The EU, NATO and the Integration of Europe: Rules and Rhetoric

The EU, NATO and the Integration of Europe: Rules and Rhetoric

The EU, NATO and the Integration of Europe: Rules and Rhetoric

The EU, NATO and the Integration of Europe: Rules and Rhetoric


Frank Schimmelfennig analyzes the Eastern enlargement of the European Union and NATO and develops a theoretical approach of "rhetorical action" to explain why it occurred. Backed by original data, and drawing on sociological institutional theory, he demonstrates that the expansion to the East can be best understood in terms of liberal democratic values and norms. He highlights the practice of the Western community in shaming opponents into agreeing to enlargement.


Eastern enlargement is a defining process in the international politics of the New Europe. Since the end of the Cold War, the major West European regional organizations – the European Union (EU), the North Atlantic Treaty Organization (NATO) and, to a lesser degree, the Council of Europe (CoE) – have become the fundamental institutional structures in the “architecture” of the new Europe. They have developed into the centers of gravity in pan-European institution-building and into the dominant loci of decision- and policy-making for the entire region. The borders of these organizations have replaced the East–West line of the Cold War as the central cleavage in the European system. “Europe” has increasingly come to be defined in terms of these organizations, the “Europeanization” or “Europeanness” of individual countries has come to be measured by the intensity of institutional relations with these organizations and by the adoption of their organizational values and norms.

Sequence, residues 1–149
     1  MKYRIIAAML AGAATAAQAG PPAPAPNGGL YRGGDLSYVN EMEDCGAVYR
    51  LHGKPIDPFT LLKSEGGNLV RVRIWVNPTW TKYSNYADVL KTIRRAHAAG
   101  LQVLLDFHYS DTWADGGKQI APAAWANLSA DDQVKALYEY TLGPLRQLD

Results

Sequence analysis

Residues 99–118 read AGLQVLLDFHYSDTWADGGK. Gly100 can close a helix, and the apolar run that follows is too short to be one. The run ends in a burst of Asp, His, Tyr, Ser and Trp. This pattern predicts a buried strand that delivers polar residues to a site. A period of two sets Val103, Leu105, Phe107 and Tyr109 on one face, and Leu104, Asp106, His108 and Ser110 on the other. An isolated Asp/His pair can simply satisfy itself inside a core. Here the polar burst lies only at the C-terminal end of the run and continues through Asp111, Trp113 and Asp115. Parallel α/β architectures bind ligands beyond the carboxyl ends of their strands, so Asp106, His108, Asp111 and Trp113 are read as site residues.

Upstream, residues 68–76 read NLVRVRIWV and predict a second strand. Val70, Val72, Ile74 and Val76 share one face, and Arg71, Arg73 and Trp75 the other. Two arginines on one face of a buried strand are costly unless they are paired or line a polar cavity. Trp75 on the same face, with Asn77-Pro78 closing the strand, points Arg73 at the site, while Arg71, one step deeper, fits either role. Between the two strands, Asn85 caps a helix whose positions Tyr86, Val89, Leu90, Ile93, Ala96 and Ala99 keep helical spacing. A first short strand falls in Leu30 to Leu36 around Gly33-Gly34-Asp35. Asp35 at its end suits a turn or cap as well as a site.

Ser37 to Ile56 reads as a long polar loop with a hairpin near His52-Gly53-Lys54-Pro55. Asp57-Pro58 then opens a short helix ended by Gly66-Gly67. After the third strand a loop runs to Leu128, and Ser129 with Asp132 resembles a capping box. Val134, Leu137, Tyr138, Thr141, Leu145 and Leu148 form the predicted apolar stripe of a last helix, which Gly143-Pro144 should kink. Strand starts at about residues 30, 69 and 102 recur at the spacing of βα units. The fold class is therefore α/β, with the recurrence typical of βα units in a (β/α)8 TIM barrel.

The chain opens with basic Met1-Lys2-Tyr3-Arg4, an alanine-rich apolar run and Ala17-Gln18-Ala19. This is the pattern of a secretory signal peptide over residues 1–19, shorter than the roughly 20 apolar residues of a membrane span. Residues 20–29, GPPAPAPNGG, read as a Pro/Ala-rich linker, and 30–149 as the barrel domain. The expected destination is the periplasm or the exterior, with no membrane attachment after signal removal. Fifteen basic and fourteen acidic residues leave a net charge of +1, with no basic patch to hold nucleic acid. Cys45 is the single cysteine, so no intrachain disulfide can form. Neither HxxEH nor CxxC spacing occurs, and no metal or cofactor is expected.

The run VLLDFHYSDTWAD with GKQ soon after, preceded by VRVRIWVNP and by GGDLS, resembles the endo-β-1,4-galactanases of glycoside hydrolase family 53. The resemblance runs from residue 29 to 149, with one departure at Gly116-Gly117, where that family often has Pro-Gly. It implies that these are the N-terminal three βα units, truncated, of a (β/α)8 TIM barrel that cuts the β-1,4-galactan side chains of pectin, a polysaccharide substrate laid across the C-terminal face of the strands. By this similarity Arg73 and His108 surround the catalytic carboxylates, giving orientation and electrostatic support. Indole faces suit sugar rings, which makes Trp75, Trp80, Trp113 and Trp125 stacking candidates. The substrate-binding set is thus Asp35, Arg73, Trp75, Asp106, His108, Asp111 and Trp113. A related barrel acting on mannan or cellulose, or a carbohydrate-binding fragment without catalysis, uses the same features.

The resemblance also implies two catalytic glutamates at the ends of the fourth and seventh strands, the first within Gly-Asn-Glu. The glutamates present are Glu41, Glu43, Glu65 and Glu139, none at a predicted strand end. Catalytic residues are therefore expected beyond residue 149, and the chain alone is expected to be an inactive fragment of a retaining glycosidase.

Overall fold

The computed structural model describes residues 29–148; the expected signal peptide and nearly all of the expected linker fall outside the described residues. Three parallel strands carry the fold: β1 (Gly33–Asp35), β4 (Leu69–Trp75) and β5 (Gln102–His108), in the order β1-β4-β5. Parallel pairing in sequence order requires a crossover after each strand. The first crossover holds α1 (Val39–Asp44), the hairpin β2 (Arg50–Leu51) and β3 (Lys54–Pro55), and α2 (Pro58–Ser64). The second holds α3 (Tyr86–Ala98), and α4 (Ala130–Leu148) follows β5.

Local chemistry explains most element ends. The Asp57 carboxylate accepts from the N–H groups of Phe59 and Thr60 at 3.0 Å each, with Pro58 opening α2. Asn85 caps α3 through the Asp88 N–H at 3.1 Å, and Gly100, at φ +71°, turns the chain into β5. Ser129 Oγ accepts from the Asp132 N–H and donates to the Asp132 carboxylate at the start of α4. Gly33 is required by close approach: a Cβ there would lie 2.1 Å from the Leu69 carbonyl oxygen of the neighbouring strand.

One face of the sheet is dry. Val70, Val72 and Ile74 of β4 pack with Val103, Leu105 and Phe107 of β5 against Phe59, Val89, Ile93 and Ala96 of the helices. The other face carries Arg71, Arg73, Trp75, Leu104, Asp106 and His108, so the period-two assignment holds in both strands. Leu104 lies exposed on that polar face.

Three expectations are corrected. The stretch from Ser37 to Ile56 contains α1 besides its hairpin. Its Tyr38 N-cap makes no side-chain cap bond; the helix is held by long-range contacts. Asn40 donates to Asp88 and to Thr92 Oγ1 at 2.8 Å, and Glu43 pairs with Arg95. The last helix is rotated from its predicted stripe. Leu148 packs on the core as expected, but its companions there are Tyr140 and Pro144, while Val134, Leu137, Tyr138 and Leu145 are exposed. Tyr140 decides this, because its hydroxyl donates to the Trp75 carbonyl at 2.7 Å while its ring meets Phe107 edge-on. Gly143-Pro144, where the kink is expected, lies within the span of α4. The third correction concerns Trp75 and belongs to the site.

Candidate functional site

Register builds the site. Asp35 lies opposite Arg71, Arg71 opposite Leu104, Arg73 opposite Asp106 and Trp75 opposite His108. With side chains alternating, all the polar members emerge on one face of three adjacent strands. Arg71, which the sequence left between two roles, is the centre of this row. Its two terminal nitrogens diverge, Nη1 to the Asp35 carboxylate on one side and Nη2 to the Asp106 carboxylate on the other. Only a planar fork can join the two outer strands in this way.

Immediately after the dissolution of the Eastern bloc, all European organizations began to create a diversified array of institutional relationships with the Central and Eastern European countries (CEECs) – reaching from observer status to some form of association. A few years later, the Western organizations set out to expand their membership to the East in the biggest enlargement rounds in their history. The membership of the Council of Europe grew from fourteen to twenty-two members between 1950 and 1988. Since then, it has doubled. Both the EU and NATO made their principal decisions on Eastern enlargement in 1997.

At its Madrid summit in July 1997, NATO invited the Czech Republic, Hungary and Poland to become members; they joined in May 1999. At its November 2002 Prague summit, NATO embarked upon a further

The “Central and Eastern European countries” are defined here as the European successor states of the Soviet Union and the other formerly communist states in Europe.

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